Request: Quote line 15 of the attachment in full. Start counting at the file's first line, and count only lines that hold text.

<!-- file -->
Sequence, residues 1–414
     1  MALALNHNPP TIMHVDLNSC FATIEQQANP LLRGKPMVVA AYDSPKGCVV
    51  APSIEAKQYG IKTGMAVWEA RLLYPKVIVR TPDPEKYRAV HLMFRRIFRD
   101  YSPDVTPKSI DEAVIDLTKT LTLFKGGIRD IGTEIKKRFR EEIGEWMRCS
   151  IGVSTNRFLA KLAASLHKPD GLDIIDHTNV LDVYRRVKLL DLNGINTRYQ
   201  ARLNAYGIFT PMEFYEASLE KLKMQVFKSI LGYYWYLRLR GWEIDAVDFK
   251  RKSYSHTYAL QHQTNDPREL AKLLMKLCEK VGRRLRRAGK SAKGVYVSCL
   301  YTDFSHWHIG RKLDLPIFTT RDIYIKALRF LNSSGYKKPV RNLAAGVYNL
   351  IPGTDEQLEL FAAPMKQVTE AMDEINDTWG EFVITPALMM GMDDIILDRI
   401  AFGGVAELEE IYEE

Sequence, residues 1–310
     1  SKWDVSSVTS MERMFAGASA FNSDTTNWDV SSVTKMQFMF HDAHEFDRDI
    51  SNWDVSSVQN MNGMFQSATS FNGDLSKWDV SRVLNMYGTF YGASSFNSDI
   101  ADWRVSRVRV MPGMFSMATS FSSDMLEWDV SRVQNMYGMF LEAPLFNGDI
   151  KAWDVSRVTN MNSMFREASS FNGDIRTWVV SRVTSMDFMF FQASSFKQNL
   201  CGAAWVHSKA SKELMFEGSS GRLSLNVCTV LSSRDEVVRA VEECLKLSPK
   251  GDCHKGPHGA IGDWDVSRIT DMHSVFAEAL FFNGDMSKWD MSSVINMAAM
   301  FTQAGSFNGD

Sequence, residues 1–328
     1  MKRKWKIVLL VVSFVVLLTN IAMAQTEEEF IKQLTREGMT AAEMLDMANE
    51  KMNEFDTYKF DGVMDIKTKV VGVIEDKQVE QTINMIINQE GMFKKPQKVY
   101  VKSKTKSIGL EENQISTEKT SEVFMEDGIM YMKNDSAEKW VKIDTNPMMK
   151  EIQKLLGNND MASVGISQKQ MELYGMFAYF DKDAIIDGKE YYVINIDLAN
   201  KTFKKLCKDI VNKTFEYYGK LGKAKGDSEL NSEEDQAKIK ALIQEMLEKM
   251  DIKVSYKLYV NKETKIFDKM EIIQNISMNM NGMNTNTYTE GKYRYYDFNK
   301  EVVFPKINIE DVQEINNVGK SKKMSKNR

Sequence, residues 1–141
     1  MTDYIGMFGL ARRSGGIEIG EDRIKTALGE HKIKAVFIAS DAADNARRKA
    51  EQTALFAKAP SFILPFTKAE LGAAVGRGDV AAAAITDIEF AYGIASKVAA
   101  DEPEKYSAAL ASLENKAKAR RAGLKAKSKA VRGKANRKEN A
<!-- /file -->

   151  KAWDVSRVTN MNSMFREASS FNGDIRTWVV SRVTSMDFMF FQASSFKQNL